California's GOP "no" votes came from John Campbell of Irvine, Duncan Hunter of El Cajon, Doug LaMalfa of Redding, Foreign Affairs Committee Chairman Ed Royce of Fullerton, Dana Rohrabacher of Huntington Beach, Tom McClintock of Granite Bay and Jeff Denham of Fresno. 

Those "no" votes can also be a political liability in a blue state like California. UC Riverside political science professor Shaun Bowler says the California GOP already has a reputation for being obstructionist in the state legislature. And as a party, it hasn't yet come to terms with demographic changes in the state. He says voting to drive the government into default doesn't help its image. "The usual rule is when you're in a hole, stop digging," he says. "But the state GOP still seems to be digging a hole for itself."

Congressman Campbell is retiring. But Professor Bowler says there's some good news for the others running for re-election: "The poll numbers look bad now for the GOP, but this time next year, a lot of people will have forgotten this."

The shutdown is still likely to cast more than a shadow over next year's midterm elections, says Jeffe. "It may well have a greater influence in gaining contributions than in changing minds," she says. "But you need the money to work toward changing those minds." Money that can get out the vote…and pay for political ads that remind voters over and over again about the government shutdown of 2013.

It could be a rocky mid-term election. Americans are often mad at Congress, though they usually like their own member. But a Pew Research Center survey, taken in the middle of the debt crisis standoff, shows nearly four out of ten voters are ready to shove their member of Congress out the door. And with most Americans blaming the GOP for the shutdown, California's Republican delegation, which lost four seats in Congress in 2012, has the most to lose.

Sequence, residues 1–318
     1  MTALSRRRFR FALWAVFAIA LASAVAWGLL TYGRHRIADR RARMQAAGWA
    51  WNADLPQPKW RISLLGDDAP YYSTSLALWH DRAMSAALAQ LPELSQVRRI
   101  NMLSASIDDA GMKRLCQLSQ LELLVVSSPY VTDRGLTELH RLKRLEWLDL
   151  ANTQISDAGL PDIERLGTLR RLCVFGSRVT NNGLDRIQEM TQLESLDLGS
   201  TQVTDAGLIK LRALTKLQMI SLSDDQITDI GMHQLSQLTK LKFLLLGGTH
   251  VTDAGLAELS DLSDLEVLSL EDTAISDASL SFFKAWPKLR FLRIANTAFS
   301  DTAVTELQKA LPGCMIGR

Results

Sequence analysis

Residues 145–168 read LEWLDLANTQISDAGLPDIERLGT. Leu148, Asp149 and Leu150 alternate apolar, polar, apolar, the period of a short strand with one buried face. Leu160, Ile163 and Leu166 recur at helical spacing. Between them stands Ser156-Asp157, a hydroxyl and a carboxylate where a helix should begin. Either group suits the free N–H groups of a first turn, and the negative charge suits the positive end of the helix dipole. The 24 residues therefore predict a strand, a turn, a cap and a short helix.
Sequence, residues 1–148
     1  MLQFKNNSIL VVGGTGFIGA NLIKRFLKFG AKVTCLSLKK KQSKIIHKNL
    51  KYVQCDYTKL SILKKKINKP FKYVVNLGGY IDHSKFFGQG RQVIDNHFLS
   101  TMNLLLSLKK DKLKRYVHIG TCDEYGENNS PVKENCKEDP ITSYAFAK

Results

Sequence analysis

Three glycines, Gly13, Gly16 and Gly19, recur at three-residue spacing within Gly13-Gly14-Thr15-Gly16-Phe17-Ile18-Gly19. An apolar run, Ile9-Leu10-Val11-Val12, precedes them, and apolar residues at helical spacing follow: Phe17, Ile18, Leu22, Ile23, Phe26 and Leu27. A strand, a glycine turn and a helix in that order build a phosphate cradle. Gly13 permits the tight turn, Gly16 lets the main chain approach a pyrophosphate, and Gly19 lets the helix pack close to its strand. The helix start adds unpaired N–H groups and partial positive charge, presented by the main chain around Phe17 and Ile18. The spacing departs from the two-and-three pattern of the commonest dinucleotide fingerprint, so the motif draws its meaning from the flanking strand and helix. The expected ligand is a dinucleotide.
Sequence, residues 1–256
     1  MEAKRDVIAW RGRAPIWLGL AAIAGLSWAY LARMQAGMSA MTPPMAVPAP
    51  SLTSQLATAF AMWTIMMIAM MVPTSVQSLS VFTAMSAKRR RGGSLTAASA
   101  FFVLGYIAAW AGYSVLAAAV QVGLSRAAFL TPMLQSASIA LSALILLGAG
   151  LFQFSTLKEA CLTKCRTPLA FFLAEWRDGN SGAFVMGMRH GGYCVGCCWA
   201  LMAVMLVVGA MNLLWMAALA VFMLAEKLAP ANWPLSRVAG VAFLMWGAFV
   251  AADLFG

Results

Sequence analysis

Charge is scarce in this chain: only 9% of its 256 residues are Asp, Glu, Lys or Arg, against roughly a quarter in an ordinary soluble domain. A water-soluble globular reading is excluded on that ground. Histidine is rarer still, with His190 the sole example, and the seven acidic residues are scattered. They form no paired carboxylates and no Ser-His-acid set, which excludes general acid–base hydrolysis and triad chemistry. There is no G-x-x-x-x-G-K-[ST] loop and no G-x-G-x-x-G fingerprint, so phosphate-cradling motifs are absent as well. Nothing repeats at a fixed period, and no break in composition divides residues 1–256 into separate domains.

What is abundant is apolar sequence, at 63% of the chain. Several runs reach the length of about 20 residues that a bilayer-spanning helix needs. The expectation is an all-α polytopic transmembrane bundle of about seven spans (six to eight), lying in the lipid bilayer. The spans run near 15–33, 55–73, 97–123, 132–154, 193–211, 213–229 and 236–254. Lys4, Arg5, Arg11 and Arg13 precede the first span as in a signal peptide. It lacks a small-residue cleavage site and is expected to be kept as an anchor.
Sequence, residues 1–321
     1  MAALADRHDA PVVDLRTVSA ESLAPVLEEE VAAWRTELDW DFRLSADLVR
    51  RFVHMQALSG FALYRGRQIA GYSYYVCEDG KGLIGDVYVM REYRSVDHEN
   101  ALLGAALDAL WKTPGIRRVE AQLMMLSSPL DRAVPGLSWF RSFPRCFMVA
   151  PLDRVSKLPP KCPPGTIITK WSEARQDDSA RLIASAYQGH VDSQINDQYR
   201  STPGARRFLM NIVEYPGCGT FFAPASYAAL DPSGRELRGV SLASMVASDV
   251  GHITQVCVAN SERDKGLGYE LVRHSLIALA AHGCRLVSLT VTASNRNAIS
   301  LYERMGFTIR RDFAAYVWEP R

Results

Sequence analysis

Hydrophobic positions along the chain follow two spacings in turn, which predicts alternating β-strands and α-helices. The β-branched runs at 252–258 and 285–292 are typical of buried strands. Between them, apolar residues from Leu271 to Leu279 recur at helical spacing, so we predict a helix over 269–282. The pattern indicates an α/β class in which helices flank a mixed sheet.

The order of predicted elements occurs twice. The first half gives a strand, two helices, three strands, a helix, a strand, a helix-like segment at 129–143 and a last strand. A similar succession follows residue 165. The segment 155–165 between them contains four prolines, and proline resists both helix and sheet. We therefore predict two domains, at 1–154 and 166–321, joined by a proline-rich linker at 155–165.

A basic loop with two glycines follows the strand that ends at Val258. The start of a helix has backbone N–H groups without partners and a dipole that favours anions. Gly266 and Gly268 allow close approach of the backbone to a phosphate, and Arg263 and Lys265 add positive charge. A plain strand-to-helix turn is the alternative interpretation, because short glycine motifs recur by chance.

Representative Yes No
Karen Bass (D-Los Angeles) X  
Xavier Becerra (D-Los Angeles) X  
Ami Bera (D-Sacramento) X  
Julia Brownley (D-Ventura) X  
Ken Calvert (R-Riverside) X  
John Campbell (R-Irvine)   X
Lois Capps (D-Santa Barbara) X  
Tony Cardenas (D-North Hollywood, Sun Valley) X  
Judy Chu (D-El Monte) X  
Paul Cook (R-Barstow) X  
Jim Costa (D-Fresno) X  
Susan Davis (D-San Diego) X  
Jeff Denham (R-Fresno)   X
Anna Eshoo (D-Palo Alto) X  
Sam Farr (D-Santa Cruz) X  
John Garamendi (D-Walnut Creek) X  
Janice Hahn (D-San Pedro) X  
Mike Honda (D-San Jose) X  
Jared Huffman (D-San Rafael) X  
Duncan Hunter (R-El Cajon)   X
Darrell Issa (R-Vista) X  
Doug LaMalfa (R-Redding)   X
Barbara Lee (D-Oakland) X  
Zoe Lofgren (D-San Jose) X  
lan Lowenthal (D-Long Beach) X  
Doris Matsui (D-Sacramento) X  
Kevin McCarthy (R-Bakersfield) X  
Tom McClintock (R-Granite Bay)   X
Buck McKeon (R-Santa Clarita) X  
Jerry McNerney (D-Pleasanton) X  
Gary Miller (R-San Bernardino) X  
George Miller (D-Martinez) X  
Grace Napolitano (D-Santa Fe Springs) X  
Gloria Negrete McLeod (D-Ontario) X  
Devin Nunes (R-Tulare) X  
Nancy Pelosi (D-San Francisco) X  
Scott Peters (D-San Diego) X  
Dana Rohrabacher (R-Huntington Beach)   X
Lucille Roybal-Allard (D-Commerce) X  
Ed Royce (R-Fullerton)   X
Raul Ruiz (D-Palm Springs) X  
Linda Sanchez (D-Lakewood) X  
Loretta Sanchez (D-Anaheim) X  
Adam Schiff (D-Glendale) X  
Brad Sherman (D-Sherman Oaks) X  
Jackie Speier (D-San Mateo) X  
Eric Swalwell (D-Livermore) X  
Mark Takano (D-Riverside) X  
Mike Thompson (D-St. Helena) X  
David Valadao (R-Hanford) X  
Juan Vargas (D-Chula Vista) X  
Maxine Waters (D-Los Angeles) X  
Henry Waxman (D-Los Angeles) X